The Federal Reserve bumps up short-term interest rates again while stating that the banking system is sound. Here are the five things we learned from U.S. economic data released during the week ending March 24.
Even after SVB, the Federal Reserve raised short-term interest rates. The policy statement released following this past week’s Federal Open Market Committee (FOMC) noted that job creation was “running at a robust pace,” spending and production were seeing “modest growth,” and inflation “remains elevated.” And as a coy reference to troubles at certain banks, the statement stressed that “[t]he U.S. banking system is sound and resilient.” But the SVB, Signature Bank and other troubles also “were likely to result in tighter credit conditions for households and businesses and to weigh on economic activity, hiring, and inflation.” And yet, at the same time, it stressed that the Fed is “strongly committed” to bringing inflation back to its two-percent target. As a result, the FOMC voted unanimously to bump up the fed funds target rate by 25 basis points to a range between 4.75 and 5.00 percent and continue shrinking the central bank’s holdings of Treasury and mortgage-backed securities.
The U.S. economy grew at a slower pace in February. The Chicago Fed National Activity Index (CFNAI) shed 42 basis points to a reading of -0.19. A CFNAI reading between -0.70 and 0.00 indicates an economy growing slower than its historical average. Only 38 of the economic indicators that make up the CFNAI made positive contributions to the index. The other 47 measures pulled down the index. All four major categories of index components were drags on the CFNAI: personal consumption/housing (costing the index eight basis points), production (-0.08), sales/orders/inventories (-0.02), and employment (-0.02). While the CFNAI’s three-month moving average of -0.13 was a 14-basis point improvement from January, the measure has been in negative territory since last November.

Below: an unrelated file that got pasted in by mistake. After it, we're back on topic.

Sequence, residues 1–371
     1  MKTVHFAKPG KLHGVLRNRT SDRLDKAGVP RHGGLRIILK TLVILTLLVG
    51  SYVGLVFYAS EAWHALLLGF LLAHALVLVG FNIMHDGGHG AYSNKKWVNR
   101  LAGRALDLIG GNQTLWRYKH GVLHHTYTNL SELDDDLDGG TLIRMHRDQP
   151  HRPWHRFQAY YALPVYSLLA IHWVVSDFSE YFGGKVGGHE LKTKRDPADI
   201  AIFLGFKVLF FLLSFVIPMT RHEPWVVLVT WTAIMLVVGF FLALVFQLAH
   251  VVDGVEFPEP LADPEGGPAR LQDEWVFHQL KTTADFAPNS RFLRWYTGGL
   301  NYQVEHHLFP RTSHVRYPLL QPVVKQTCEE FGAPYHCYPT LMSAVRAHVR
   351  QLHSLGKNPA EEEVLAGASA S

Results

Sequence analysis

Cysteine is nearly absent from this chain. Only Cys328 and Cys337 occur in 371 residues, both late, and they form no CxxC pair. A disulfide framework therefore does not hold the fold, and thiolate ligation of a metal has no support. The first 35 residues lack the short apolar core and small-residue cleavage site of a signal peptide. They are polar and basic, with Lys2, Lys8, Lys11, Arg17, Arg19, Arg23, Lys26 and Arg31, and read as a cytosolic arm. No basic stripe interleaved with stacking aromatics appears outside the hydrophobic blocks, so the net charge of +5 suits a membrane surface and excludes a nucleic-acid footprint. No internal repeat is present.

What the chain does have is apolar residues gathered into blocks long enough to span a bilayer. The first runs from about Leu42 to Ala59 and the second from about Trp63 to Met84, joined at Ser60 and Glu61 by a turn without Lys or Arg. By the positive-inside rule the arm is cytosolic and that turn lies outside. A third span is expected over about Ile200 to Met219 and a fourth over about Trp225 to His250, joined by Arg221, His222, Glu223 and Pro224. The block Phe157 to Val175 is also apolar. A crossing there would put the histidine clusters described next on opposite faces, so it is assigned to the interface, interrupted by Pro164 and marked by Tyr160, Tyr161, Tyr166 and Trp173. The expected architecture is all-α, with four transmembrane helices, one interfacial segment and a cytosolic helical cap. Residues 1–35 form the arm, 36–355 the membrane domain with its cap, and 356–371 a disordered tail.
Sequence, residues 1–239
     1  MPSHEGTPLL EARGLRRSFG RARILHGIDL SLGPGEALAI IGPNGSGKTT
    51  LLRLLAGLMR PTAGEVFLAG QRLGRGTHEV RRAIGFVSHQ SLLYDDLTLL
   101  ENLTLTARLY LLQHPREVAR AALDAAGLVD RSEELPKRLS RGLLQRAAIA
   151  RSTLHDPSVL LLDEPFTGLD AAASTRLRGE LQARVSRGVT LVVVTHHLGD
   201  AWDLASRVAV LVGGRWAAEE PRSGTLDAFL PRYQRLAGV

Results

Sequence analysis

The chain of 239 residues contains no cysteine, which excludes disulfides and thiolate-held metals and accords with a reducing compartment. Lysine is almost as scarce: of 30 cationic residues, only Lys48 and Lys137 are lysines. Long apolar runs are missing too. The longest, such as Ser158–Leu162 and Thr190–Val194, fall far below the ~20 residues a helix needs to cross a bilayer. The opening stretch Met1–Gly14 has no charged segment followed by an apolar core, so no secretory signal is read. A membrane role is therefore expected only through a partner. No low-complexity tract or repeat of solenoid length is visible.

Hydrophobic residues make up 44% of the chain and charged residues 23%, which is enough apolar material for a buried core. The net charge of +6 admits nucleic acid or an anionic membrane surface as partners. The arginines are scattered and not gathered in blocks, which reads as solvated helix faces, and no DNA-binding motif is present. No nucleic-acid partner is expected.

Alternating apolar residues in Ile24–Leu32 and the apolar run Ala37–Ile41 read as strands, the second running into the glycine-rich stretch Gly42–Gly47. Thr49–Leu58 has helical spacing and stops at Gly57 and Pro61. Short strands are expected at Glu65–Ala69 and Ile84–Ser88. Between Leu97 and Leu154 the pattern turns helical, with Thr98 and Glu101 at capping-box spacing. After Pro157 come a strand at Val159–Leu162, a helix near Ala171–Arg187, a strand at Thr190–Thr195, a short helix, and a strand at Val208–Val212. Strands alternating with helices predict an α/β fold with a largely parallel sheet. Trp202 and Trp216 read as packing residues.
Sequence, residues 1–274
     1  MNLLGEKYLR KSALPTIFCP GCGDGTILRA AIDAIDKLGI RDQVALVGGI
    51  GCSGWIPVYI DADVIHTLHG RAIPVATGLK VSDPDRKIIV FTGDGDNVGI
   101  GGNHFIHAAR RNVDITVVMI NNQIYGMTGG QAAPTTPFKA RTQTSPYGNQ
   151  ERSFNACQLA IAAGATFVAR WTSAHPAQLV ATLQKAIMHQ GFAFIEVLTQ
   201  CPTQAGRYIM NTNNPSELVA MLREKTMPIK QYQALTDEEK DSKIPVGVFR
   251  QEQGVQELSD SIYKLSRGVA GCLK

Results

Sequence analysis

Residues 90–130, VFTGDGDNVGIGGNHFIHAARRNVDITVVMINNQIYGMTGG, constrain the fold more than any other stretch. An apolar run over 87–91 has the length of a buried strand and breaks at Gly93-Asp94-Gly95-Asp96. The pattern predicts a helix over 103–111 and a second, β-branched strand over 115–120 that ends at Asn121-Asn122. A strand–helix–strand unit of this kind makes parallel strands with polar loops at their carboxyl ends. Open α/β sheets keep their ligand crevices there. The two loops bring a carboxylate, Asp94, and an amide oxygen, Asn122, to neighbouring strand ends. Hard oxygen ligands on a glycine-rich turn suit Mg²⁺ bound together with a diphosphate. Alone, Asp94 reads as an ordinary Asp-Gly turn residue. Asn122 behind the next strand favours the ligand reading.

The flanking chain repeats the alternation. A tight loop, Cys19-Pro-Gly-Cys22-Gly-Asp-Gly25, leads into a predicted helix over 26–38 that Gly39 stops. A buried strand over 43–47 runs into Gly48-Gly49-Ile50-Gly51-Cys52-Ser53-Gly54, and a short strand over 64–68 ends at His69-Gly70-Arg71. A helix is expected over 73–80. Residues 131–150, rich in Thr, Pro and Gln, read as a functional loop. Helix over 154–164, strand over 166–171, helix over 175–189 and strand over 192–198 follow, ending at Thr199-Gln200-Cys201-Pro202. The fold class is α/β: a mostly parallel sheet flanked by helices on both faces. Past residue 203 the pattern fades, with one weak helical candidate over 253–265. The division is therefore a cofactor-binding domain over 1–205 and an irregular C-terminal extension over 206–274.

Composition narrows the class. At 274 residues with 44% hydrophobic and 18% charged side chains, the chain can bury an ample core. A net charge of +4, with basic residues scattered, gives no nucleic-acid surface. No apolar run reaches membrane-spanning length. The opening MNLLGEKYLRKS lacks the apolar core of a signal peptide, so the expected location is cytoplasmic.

Existing home sales broke their 12-month losing streak in February. The National Association of Realtors reports existing home sales surged 14.5 percent to a seasonally adjusted annualized rate (SAAR) of 4.580 million units. Even with the gain, sales remained 22.6 percent below year-ago levels. Sales improved in all four Census regions, from a 4.0 percent increase in the Northeast to a 19.4 percent surge in the West. Inventories, nevertheless, continued to be tight as they held steady at 980,000 homes (the equivalent of a 2.6-month supply). The median sales price of $363,000 was 0.3 percent below its February 2022 mark. The press release links the positive report to a recent pullback in interest rates.
New home sales improved for only the second time in seven months in February. Sales of new single-family homes grew 1.1 percent to a seasonally adjusted annualized rate (SAAR) of 640,000 units. The Census Bureau data series remained 19.0 percent below year-ago levels. Sales improved in the West and South but declined in the Northeast and Midwest. There were 436,000 new homes available for sale at the end of February, off 0.7 percent from the prior month and the equivalent of an 8.2-month supply. The median sales price for new homes ($438,200) was up 2.5 percent from a year earlier.
Another slowdown for airplanes and automobiles pulled down durable goods orders in February. New orders for durable manufactured dropped 1.0 percent to a seasonally adjusted $268.4 billion. The Census Bureau data series had slumped 5.0 percent in January. Transportation goods orders decreased 2.8 percent, with declines for defense aircraft (-11.1 percent), civilian aircraft (-6.6 percent), and motor vehicles (-0.9 percent). Net of transportation, core durable goods orders were flat in February, following a 0.4 percent bump during the previous month. Orders edged up for primary and fabricated metals, along with electrical equipment/appliances, but declined for machinery, computers, and communications equipment. Shipments fell 0.6 percent in February to $274.8 billion, bigger than January’s 0.4 percent drop.
Other U.S. economic data released over the past week:
- Jobless Claims (Week ending March 18, 2023, First-Time Claims, seasonally adjusted): 191,000, -1,000 vs. the previous week, +25,000 vs. the same week a year earlier). 4-week moving average: 196,250 (+8.6% vs. the same week a year earlier).
- State Employment (February 2023, Nonfarm Payrolls, seasonally adjusted): Increased in 6 states and unchanged in 44 states and the District of Columbia vs. January 2023. Increased in 46 states and unchanged in 4 states and the District of Columbia vs. February 2022.
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